Really, isn't it enough that the well-heeled Mitch Daniels already tried this routine? And failed? "I'm a very unattractive candidate; so anyone who votes for me is showing uncommon intellect." The problem, marrow-deep, with that is you're still a fucking Republican after all this time. Your party has been taken over by David Brooks. Not the base, not the power, but the Voting Soul, the Electability Quotient. Pawlenty and Brooks are about the same age. Reagan was a godsend, and his Accepted Miracles must be adored; whether the reality sunk in at the time, or hit in middle-age, there is now a sort of squishiness at the edges about the whole fearful screaming plunge into the Goldwater Abyss, brought to you by Exxon-Mobil, Smith Barney, Smith & Wesson, and your local Coca-Cola™ bottler. You're willing to compromise, so long as the basic Reagan/ Milton Friedman/ Theoretical Bible-Believin' Teevee Preacher Who Did Not Get Caught With A Boy Hooker tenets govern every compromise. It's likely that, in the real world, you'd extend reproductive rights to every woman, personally, and cut military spending to something resembling semi-reasonable, but there's no way you're saying that in print. You will not quite admit that the disaster which has befallen us, the malaise that once delighted you with its sound (even though you had to invent Carter saying it) is a direct result of that Reagan worship and those Goldwater programs. Mitch, of course, was older, an established pol already when Reagan was elected and his man Dick Lugar got bupkis, no State Department, no Cabinet seat, just an Enjoy Your Lifetime Senate Appointment, Bub, and fellow Hoosier Bill Ruckelshaus got a six-year-delayed steel dildo full-throttle up the fundament for having given Nixon the finger during Watergate. Nixon! Mitch and his boss watched as the California gang extracted compensation for Republican apostasy, even though it had been aimed at taking down Dick Fucking Nixon and meant nothing (or nothing besides patriotism and good sense) anymore. And then they watched as Reagan re-instituted Cold War insanity at a time when we knew Soviet military spending was about to, well, tank. That had to make an impression on young Mitch. Because five years later he was Reagan's political advisor.

And nobody's gonna convince me that after the third cocktail Dick Lugar, or Mitch Daniels, thought this was a great idea, or that Iran/Contra was just one of those realpolitik deals. They saw where the party was headed and they got on board. For Reagantots I'm not sure morality ever really entered into it, except maybe as a winning slogan.

And this is what you got. A generation of pirates, followed by a generation of True Believers who still insist, in public, that the Saucer'll be here for them any day now. They can't control the Republican party like they usta. They can raise millions, they can live comfortable personal lives even by Republican standards, but they can't govern, and they can't renounce the deal they made with Old Scratch thirty years ago. And they're never gonna be speaking to truth to anyone about anything, until the time comes to admit to an affair.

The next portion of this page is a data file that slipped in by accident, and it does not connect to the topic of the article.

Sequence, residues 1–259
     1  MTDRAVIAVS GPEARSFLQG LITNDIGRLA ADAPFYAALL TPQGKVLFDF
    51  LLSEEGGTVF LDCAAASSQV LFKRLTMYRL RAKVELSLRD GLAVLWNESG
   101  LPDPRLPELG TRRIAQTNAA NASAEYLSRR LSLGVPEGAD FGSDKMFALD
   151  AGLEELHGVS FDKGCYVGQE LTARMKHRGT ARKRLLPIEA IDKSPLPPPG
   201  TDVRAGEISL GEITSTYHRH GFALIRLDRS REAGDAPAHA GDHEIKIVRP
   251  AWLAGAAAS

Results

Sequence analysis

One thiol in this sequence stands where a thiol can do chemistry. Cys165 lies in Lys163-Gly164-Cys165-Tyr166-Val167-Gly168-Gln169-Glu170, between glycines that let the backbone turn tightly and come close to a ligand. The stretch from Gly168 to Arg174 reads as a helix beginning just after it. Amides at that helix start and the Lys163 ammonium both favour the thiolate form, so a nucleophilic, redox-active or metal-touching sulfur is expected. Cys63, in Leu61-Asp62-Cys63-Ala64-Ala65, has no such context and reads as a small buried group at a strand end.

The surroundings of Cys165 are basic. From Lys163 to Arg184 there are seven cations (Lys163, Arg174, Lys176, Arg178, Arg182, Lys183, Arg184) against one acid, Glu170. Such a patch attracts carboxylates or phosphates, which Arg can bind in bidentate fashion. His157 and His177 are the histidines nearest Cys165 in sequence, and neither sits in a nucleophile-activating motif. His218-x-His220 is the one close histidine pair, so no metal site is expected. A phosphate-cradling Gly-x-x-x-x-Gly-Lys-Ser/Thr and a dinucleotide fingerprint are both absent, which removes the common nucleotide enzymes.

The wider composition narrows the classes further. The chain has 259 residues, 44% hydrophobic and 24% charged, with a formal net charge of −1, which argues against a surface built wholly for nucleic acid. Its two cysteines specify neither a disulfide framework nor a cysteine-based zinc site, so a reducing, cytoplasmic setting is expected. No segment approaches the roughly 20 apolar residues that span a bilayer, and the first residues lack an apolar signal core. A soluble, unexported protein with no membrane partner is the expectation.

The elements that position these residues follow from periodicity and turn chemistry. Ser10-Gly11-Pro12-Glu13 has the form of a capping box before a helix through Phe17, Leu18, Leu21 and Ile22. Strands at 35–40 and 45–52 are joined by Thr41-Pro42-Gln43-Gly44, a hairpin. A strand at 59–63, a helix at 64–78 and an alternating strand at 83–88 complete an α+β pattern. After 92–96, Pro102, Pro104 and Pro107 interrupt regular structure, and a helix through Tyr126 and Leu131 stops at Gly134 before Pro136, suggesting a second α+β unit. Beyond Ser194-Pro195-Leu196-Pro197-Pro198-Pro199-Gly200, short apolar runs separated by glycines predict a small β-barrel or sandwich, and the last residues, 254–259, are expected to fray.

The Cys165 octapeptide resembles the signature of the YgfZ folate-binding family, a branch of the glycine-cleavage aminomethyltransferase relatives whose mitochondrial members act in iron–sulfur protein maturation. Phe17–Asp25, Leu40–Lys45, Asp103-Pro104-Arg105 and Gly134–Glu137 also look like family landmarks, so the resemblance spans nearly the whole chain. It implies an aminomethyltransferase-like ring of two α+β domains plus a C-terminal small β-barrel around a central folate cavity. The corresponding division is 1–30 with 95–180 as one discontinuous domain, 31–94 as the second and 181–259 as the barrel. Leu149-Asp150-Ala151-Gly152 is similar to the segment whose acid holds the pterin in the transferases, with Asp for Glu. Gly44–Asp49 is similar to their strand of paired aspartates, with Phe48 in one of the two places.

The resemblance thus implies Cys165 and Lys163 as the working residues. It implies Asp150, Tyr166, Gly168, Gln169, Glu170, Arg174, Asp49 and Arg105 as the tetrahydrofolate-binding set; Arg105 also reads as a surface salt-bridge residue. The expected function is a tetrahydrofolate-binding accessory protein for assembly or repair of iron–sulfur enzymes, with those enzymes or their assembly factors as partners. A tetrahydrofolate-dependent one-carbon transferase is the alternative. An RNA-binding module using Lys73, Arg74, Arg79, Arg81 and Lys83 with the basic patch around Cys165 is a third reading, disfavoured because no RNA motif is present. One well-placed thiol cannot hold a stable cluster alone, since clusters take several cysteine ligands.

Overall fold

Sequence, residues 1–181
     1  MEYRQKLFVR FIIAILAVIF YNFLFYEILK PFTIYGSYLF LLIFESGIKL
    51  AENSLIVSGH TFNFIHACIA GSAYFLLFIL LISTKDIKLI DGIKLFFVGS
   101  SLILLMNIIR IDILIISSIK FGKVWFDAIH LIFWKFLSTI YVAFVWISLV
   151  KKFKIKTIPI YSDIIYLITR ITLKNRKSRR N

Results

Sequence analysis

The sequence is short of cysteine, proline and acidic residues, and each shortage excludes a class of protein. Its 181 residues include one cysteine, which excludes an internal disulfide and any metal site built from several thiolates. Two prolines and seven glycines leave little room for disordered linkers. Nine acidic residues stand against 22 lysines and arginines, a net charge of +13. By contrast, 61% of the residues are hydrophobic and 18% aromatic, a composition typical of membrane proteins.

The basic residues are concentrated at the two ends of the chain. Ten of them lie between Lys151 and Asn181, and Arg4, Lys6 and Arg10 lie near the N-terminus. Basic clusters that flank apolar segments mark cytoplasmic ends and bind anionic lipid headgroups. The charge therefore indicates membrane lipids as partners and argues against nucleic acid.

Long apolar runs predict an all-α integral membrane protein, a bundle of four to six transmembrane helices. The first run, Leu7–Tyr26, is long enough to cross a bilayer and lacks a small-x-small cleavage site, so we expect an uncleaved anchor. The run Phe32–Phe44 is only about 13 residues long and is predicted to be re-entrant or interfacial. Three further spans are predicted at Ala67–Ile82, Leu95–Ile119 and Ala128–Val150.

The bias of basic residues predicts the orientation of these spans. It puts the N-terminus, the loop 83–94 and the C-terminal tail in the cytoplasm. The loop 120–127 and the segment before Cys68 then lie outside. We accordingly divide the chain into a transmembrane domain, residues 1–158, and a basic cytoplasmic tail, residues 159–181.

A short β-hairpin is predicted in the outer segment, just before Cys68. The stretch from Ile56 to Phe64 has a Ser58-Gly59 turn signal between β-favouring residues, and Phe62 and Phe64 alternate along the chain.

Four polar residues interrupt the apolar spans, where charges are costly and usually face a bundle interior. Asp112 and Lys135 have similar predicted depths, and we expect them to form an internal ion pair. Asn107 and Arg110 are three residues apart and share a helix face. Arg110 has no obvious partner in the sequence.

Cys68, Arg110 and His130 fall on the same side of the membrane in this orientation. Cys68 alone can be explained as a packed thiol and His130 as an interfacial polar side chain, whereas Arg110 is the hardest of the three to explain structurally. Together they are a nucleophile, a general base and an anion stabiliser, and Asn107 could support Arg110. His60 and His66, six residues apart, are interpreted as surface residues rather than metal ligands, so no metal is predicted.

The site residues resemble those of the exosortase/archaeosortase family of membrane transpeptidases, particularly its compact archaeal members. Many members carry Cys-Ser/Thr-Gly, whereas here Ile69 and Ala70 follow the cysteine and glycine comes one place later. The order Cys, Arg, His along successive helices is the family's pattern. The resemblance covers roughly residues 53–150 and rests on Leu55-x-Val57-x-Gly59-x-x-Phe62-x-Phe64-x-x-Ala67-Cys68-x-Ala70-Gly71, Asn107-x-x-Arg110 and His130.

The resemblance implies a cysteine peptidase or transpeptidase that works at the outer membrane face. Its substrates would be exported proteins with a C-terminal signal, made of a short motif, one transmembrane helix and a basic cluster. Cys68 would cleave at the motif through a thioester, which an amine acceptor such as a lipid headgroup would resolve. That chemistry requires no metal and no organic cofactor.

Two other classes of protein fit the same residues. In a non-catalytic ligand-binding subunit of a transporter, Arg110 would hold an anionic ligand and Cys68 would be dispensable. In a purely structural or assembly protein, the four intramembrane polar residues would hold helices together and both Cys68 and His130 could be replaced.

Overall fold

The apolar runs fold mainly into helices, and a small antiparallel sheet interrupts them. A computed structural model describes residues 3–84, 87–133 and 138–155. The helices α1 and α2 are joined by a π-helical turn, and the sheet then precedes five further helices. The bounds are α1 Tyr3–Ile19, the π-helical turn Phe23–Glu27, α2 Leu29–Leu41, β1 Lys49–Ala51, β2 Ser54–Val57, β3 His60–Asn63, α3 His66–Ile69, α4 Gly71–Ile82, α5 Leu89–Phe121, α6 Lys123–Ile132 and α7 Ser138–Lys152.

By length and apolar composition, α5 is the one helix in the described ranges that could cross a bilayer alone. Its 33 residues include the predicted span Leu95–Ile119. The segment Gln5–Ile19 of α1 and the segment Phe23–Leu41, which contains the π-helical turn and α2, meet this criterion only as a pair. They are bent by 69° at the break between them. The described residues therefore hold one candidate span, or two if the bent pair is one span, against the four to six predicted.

Anonymous said...

Mr. Riley, I've said it before, but the sad fact that David Effing Brooks has a platform in the Newspaper of Record and you do not is a national scandal. You keep pitching, I'll keep catching. Love. Your. Work.

map106 said...

What Anonymous said, in spades, but that's been clear for years now.

I noticed the Pat Sajak gaffe also. And it was one of those "which of these doesn't belong with the others" moments. But typical. A man with somewhat good "make a smart-assed remark" timing cashes in one his one talent and he thinks he's a MOTU.

I'm just glad watching Jeopardy (my only, besides reading this blog, daily "intellectual" exercise) isn't too pedestrian for you.

Michael R. Brown said...

How about establishing that there's something wrong with "Atlas Shrugged" instead of assuming it as a politically correct given?

heydave said...

You mean something new? Really, you're joking, right?

Bob said...

Ha ha! Oh, such dry wit.

Atlas Shrugged makes "The Matrix" look like Heidegger.

Li'l Innocent said...

Truly brilliant, Doghouse - and with that swashbuckling style that makes me feel (when I more or less follow along successfully, which I don't always) like a porpoise arcing in and out of storm-propelled, spumey waves!

Chocolate Covered Cotton said...

Did you happen to notice that every other Celebrity kinda chose something bright?

Have you ever met any Rand fans who weren't completely convinced of their own genius?